Instead of enabling students to develop a corrective to a devastating and corrupting Market Rule, higher education has set itself up for a takeover of those market values. What higher education in the United States faces now is its reward for failing to lead its students away from what Carlyle called “the cash nexus” of human relationships. The rewards of higher education in the United States are to be reaped by investors who see it as the new Treasure Island as well as by those students who observe and learn the message in that.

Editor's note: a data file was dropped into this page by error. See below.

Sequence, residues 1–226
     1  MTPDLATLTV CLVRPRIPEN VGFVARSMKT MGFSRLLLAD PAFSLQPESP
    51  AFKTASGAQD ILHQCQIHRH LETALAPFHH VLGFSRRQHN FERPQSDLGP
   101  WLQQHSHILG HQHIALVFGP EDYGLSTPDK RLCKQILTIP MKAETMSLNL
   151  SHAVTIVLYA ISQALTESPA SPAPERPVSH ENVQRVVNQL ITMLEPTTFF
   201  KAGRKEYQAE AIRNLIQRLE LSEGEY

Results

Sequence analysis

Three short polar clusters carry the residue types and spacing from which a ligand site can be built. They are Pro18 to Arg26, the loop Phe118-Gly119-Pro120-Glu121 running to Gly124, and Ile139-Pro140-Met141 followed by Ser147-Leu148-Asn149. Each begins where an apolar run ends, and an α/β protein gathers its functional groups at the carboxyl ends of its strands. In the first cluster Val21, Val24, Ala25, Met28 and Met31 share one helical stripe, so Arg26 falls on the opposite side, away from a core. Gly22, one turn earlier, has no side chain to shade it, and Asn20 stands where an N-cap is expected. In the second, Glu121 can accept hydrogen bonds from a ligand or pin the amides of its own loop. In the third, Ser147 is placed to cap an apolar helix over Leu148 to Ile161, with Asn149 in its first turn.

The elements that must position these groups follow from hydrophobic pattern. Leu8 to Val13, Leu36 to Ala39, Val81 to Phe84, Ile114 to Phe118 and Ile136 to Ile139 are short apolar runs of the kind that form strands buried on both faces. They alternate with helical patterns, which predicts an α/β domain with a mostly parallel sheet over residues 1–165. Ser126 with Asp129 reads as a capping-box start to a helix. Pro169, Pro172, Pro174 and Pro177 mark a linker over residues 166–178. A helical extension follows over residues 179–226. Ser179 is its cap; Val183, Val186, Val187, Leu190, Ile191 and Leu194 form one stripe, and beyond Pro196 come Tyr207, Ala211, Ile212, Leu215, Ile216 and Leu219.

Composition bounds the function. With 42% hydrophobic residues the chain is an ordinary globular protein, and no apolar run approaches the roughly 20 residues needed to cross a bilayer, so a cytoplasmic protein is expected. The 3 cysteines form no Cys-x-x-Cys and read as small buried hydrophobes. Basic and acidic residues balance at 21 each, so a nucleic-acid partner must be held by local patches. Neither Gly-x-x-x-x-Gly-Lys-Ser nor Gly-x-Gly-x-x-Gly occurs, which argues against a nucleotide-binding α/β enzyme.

I could not describe this relentless passage to the rule of a market mentality, which is not a mentality at all but a resurrection of Fortuna, the goddess of Chance, if it were not already on public display. There is also a defense blocking that rule underway in various guises, from the “We’ve Had Enough!” worldwide protests of OWS to the 2010 student protests in the United Kingdom, and the Free Cooper Union Movement. Jeff Bryant’s “Education Spring: A Growing Revolt Against ‘Reform’ Mandates,” Truthout, May 2013, points out where in the US the word “reform” is viewed with distrust. I am not alone in realizing – as Solzhenitsyn remarked – that the “name of ‘reform’ simply covers what is latently a process of the theft of the national heritage.” And surely awareness and defense will lead to a renewed effort toward a university’s active stand against Market loyalty to the perverse logic of “Creative Destruction,” extended most dangerously to critical and creative thinking outside the box of profit. “Universities,” Henry Giroux writes, “should be subversive in a healthy society, they should push against the grain and give voice to the voiceless, the unmentionable and the whispers of truth that haunt the apostles of unchecked power and wealth.”